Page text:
Life can be weird for Demon City contributors, but The New Yorker has reported that Vanessa Veselka has The 2020 National Book Awards Longlist for Fiction for her new book The Great Offshore Grounds.The Flower Sellers and the Industrial Core in the Sketches section.
FBI Files by Vanessa Veselka
Field Offices and Files
The FBI has field offices in many towns where someone can walk in and ask to speak directly to an agent and make a complaint. All agents of a certain rank are required to do one desk shift a month. It’s about as loved a shift as KP duty in the armed forces. Even though all reports are recorded, the agent at the desk has full power to decide if you’re basically a “5150” (slang for ‘crazy enough to commit’ that comes from a California code) and note that on your report.
Who has records of unsolved murders?
In the public imagination, there is a great and perfect database tracking all unsolved murders with DNA matches, MOs, and the signatures of killers. There is not.
The part of the FBI that deals with serial murders is Kidnapping and Missing Persons. Traditionally the department is also grouped with Bank Robbery, perhaps because of the potential for hostages and repeat behavior. The problem is that when a missing person report is filed in one state, while a photo may be circulated, details are often not. Moreover, most reports are teenage girls who ran away so unless the girl comes from a family with money, access to news media, lawyers or social power, little attention is paid. This means if someone is killed in one state, and the body dumped in another, it’s unlikely to appear on anyone’s radar if the family doesn’t have connections or the story doesn’t attract media.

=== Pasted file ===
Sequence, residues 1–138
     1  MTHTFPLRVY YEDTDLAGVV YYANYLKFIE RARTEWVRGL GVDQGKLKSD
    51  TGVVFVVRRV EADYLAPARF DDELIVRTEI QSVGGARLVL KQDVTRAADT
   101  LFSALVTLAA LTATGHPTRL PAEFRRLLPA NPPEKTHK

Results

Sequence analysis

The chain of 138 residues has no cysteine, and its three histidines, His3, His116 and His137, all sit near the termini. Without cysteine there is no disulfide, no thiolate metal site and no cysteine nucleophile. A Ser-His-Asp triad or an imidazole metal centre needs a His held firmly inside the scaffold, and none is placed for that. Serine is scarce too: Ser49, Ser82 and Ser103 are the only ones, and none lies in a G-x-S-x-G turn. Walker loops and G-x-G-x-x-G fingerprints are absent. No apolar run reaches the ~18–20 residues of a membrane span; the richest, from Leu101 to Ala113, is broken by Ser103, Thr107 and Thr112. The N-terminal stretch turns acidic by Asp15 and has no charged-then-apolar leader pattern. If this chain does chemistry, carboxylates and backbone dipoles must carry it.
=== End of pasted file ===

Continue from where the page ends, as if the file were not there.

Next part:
The national homicide database (Violent Criminal Apprehension Program or ViCAP) is supposed to close this gap, but the database has always been a bit of a sham. Initially, the FBI asked local and state agencies to enter thirty years of unsolved homicide data. But entering the data is non-compulsory and the initiative came without extra funding for the hours needed or staff. As a result, many agencies never added their unsolved cases. There are other reasons data might not be entered.
1) Detectives have to triage their cases and might be overwhelmed with current murders. They might want to see the data entered but can’t waste time on history right now.
2) There are also turf wars between agencies. Local agencies might not want to share with state agencies and neither might want to deal with the FBI. They might fear that if their data goes in the FBI might get the criminal first and credit for the collar, which might affect promotion and career advancement opportunities.
3) In urban centers, data might not get entered for political reasons. Police chiefs often don’t like the number of unsolved homicides a department may have made public.
4) In rural areas or government-phobic backwaters, data might not get entered because of a general mistrust in any federal program. As a result, the database has major holes, often in the places where most crime occurs. For many years the Texas numbers, for instance, did not include the Houston (as well as 28 other counties).
The national DNA database, whose DNA gets entered and how, is also highly political.
City Police have jurisdiction over cities. Mayors usually appoint police commissioners so they are prone to behind-closed-door local politics (unions, special interests, favors etc).
Sheriffs have jurisdiction over and highway and rest areas. Sheriffs are often elected so prone to external political optics.
FBI has jurisdiction over everyone. Everyone hates the FBI.
Most states have an established time limit for keeping files. Once that time passes, a file that wasn’t linked to a homicide can be destroyed. The problem is that many files remain in missing person limbo because the body was never linked. Theoretically these records are digitized and stored in some way but many never made it out of paper form. Between 5-7 years most records that don't result in connection are at risk of being destroyed.